When you live in a multicultural society, world music is right at your doorstep. Aussie band Lolo Lovina have brought together musicians from all corners of Europe to create a melting pot of gypsy madness, and are bringin’ their thang to the Homestead on February 7. Lead singing gypsy Sarah Bedak tell us why Lolo Lovina is, according to Brian Eno himself, “the future of music.”
Lolo Lovina has Ukrainian, Romanian, Hungarian and Brazilian band members – but despite their differing backgrounds, they’re able to achieve the perfect balance of tastes and traditions.
“We have matching skill, passion, drive, dedication and desire to play and celebrate our peoples’ music as well as we possibly can,” Sarah says.
“We are blessed to have found each other and to have this amazing opportunity to work with one another.”
After meeting in Serbia three years ago, the musicians “clicked perfectly, musically” and got straight into recording and performing styles ranging from tango, British pop, flamenco, and gypsy swing.
“A lot of people replicate gypsy music, but what we are doing right now is the total real deal and we’re very excited about it!”
Though Sarah herself was brought up in Sydney, her Budapest-Romani gypsy background is the essence of her music.
“I am in love with gypsy music,” Sarah says.
“It is the sound of who I am. It is in my blood.”
Sarah continues a long history of performing gypsy music, with family relations to violinist Roby Lakatos, folk composer and violinist Danko Pista, and trapeze catcher father who travelled around Europe in a gypsy circus. It’d be safe to assume some incredible stories are told over the family dinner table.
“My family played jazz illegally during the Communist occupation of Hungary, in dug out hidden basements. Can imagine how cool that would have sounded?”
Lolo Lovina may not perform for us in a hidden basement, but the band will be sure to bring their vibrant, traditional, and overwhelmingly sultry music to our Tassie ears.
“Our music is impassioned and alive. Sexuality is, of course, a part of this. I feel most myself when I’m singing and I focus on giving love and gratitude to the audience for being with us. I hope the audience is inspired to celebrate life when they hear our music.”
Join Sarah in Lolo Lovina at the Homestead at 9.30pm on February 7. Tickets available at the door.
Many Australians were acknowledged for their contributions to the community in this year’s Australia Day honours. Professor Kate Warner and Peter Campbell were two of the Tasmanians who received an Order of Australia award for years of dedication to the state and country.
Professor Warner, who was made a Member of the Order (AM), has been responsible for significant law reform in the areas of sexual offenses, including changing the definition of rape. Peter, who received a Medal of the Order (OAM), has witnessed and reported some of the most memorable moments in yachting history through his work as a sports journalist.
More on Professor Warner and Peter can be found through the links to my articles for The Mercury’s Sunday Tasmanian below:
Rebecca Thomson is modest when it comes to her knowledge of the silver screen.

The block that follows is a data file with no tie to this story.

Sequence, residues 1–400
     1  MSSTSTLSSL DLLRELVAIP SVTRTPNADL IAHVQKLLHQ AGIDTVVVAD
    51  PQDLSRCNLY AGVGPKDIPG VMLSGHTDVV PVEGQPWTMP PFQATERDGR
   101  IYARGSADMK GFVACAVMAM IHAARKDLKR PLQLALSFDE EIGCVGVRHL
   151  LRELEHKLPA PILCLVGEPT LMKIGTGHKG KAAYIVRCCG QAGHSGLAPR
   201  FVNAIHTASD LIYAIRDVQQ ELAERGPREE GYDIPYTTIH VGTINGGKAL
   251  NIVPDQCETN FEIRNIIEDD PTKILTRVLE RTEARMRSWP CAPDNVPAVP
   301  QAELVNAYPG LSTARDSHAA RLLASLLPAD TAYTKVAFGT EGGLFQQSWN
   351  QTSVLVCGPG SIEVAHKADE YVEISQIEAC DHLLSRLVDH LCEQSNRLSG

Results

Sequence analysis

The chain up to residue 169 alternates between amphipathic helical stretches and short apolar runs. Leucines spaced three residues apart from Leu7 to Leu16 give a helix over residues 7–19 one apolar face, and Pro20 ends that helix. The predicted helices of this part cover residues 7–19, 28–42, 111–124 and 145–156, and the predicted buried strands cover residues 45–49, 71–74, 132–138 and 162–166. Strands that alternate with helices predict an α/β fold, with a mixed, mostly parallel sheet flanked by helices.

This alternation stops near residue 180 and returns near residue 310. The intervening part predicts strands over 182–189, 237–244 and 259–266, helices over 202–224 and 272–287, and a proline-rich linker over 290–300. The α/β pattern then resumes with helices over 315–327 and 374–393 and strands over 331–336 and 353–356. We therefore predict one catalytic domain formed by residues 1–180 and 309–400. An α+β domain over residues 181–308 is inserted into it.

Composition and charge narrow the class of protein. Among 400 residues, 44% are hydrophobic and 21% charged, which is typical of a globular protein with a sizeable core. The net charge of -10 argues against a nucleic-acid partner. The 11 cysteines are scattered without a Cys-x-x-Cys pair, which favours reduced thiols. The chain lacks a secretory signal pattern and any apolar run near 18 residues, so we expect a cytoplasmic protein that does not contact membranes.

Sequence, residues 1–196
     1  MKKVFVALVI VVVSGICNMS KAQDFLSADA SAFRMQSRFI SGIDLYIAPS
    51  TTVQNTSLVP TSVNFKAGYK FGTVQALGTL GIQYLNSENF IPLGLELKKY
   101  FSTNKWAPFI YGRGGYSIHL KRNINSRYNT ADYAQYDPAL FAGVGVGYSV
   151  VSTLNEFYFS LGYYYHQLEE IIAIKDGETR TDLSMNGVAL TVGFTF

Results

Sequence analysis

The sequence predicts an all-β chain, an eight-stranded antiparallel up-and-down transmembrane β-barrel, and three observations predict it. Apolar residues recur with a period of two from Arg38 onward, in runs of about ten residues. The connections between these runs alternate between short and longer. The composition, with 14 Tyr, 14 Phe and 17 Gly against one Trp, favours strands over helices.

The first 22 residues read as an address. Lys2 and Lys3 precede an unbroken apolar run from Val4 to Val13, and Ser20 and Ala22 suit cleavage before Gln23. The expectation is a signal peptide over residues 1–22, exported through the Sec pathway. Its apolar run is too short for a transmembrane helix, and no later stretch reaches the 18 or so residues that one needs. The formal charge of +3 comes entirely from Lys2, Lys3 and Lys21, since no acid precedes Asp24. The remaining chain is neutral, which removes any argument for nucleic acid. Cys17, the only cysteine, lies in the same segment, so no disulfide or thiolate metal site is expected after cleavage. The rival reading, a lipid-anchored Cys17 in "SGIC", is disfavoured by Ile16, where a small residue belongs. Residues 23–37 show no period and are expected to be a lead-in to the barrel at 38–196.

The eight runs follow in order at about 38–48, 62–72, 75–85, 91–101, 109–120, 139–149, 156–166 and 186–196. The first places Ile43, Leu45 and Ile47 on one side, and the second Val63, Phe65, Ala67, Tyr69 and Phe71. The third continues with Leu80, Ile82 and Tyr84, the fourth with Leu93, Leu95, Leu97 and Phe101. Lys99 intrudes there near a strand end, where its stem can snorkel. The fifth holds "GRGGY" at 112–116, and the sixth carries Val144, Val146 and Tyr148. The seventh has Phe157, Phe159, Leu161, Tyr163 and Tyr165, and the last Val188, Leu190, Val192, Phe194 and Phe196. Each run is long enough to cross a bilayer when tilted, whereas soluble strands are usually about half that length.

“I definitely cannot describe myself as a film buff,” Rebecca admits.
“I hang out with people who quote from feature films and they just pull references here or there. I’ve seen the same films and I can’t remember anything – I’m left with feelings and impressions.”
Despite her inability to quote from movies word for word, Rebecca plays an active role in the state’s film industry as one of its finest directors. The Tasmanian born mother of three has achieved global recognition for her locally produced short films. Her productions have won her a number of awards and have exported contemporary Tasmanian culture around the globe through more than 60 festivals.
Although she started out in musical theatre acting during her Ogilvie High School days, Rebecca soon became interested in what goes on behind the camera and looked to filmmaking – a move influenced by her fascination with otherworldly tales.
“I’ve always been attracted to stories that have a fantasy nature. In my teen years, I definitely went through a horror period. I like things which take me out of real life.”
Tied to Tasmania by her family and love for the state, Rebecca decided to follow her dream of becoming a top Tassie filmmaker.
“I thought if I’m going to stay in Tasmania, then I’ve got to make things happen for myself. I just loved the idea that film was a way that you could tell stories from Tasmania that could reach the world.”
After having her first child Spike, now 6, Rebecca entered her first film into Tropfest and confesses it “wasn’t well done, but it was a start.”
Now nurturing two more children, Coco, 6 and Sunny, 1, Rebecca has directed six short films and is planning her first feature after winning the 2012 Holding Redlich Pitch Competition.
Rebecca stood before hundreds of Australia’s top producers to present her idea for a feature length version of her hilarious 2010 short comedy Cupcake: A Zombie Lesbian Musical. Receiving first prize and a trip to this year’s Cannes Film Festival, she secured Screen Tasmania funding for script development and attracted producer Martin Brown, who worked with Baz Luhrmann on Romeo and Juliet and Moulin Rouge.